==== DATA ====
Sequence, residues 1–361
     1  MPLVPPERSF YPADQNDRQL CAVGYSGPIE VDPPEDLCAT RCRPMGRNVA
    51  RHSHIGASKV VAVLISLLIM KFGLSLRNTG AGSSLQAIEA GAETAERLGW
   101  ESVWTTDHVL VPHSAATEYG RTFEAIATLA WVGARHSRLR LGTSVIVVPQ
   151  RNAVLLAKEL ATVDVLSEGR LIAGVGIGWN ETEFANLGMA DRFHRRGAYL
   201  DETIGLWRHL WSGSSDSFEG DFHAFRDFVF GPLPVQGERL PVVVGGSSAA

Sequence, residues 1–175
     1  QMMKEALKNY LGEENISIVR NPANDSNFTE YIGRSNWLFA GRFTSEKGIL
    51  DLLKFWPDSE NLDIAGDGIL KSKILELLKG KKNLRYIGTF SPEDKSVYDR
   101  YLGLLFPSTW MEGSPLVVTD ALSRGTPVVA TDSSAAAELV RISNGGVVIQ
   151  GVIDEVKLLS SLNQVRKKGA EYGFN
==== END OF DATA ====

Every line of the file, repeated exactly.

Sequence, residues 1–361
     1  MPLVPPERSF YPADQNDRQL CAVGYSGPIE VDPPEDLCAT RCRPMGRNVA
    51  RHSHIGASKV VAVLISLLIM KFGLSLRNTG AGSSLQAIEA GAETAERLGW
   101  ESVWTTDHVL VPHSAATEYG RTFEAIATLA WVGARHSRLR LGTSVIVVPQ
   151  RNAVLLAKEL ATVDVLSEGR LIAGVGIGWN ETEFANLGMA DRFHRRGAYL
   201  DETIGLWRHL WSGSSDSFEG DFHAFRDFVF GPLPVQGERL PVVVGGSSAA

Sequence, residues 1–175
     1  QMMKEALKNY LGEENISIVR NPANDSNFTE YIGRSNWLFA GRFTSEKGIL
    51  DLLKFWPDSE NLDIAGDGIL KSKILELLKG KKNLRYIGTF SPEDKSVYDR
   101  YLGLLFPSTW MEGSPLVVTD ALSRGTPVVA TDSSAAAELV RISNGGVVIQ
   151  GVIDEVKLLS SLNQVRKKGA EYGFN